A needle shield assembly is provided, including an elongate needle having a proximal end and a distal needle tip. A needle shield is provided for slidable movement from a retracted position in which the needle tip is exposed to an extended position in which the needle tip is covered. A flexible actuator is fixedly positioned toward the proximal end of the needle and releasably connected to the needle shield for actuatable release thereof. A resilient band is attached to the shield urges and the shield along the needle to cover the distal tip upon release of the shield.
Additionally, a needle shield assembly is provided, including an elongate needle having a proximal end and a distal needle tip. A needle shield is provided for slidable movement from a retracted position in which the needle tip is exposed, to an extended position in which the needle tip is covered. A substantially H-shaped flexible actuator is fixedly positioned toward the proximal end of the needle and releasably connected to the needle shield for actuatable release thereof. A resilient band is attached to the shield for urging the shield along the needle to cover the distal tip.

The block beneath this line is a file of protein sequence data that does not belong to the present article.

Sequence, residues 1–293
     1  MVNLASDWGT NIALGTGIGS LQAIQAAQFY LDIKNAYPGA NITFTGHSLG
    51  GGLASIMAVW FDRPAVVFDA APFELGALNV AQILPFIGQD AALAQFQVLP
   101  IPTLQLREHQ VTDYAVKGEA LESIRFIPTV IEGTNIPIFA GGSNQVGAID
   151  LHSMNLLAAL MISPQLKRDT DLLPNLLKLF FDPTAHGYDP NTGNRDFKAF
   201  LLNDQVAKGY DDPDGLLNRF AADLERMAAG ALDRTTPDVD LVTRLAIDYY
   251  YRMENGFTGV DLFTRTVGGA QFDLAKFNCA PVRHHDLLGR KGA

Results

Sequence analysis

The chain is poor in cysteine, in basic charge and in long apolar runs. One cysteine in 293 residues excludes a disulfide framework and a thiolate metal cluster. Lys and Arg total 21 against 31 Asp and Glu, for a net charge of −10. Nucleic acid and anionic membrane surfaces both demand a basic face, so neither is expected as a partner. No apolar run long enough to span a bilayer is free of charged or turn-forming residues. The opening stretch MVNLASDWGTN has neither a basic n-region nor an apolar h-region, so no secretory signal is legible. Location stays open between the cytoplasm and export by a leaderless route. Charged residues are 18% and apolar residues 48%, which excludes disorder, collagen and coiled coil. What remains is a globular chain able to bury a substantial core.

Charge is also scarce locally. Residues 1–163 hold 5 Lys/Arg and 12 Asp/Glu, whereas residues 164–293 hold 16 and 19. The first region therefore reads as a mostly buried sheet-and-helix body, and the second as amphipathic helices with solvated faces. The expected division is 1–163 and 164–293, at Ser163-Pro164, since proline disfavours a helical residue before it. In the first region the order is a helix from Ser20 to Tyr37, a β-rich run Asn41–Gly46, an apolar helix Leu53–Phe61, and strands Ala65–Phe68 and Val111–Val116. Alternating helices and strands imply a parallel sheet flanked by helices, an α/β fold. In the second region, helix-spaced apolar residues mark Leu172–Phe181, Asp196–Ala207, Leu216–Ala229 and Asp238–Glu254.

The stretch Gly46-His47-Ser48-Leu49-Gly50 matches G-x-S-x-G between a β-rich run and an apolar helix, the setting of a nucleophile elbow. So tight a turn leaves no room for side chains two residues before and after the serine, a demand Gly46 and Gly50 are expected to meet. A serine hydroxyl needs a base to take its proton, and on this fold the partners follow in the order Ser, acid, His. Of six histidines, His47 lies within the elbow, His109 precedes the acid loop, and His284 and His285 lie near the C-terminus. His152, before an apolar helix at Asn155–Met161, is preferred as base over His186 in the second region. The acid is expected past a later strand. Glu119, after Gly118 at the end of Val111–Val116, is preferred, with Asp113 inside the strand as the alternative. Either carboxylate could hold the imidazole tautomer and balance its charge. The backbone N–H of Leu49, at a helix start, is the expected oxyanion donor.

These and other features of the invention will be better understood through a study of the following detailed description and accompanying drawings.
The present invention provides a needle assembly for preventing contact with the tip of a used needle by providing a needle shield which, when retracted, allows the needle tip to be exposed, but when extended, blocks access to the tip of the needle and protects against needle stick injuries.
As used herein, the top of a needle assembly is that part having the bevel of the needle. The bevel faces away from the patient's skin when the needle is inserted into a vein. The bottom of a needle assembly is 180° from the top, while the sides of the needle assembly are 90° from either the top or the bottom of the assembly.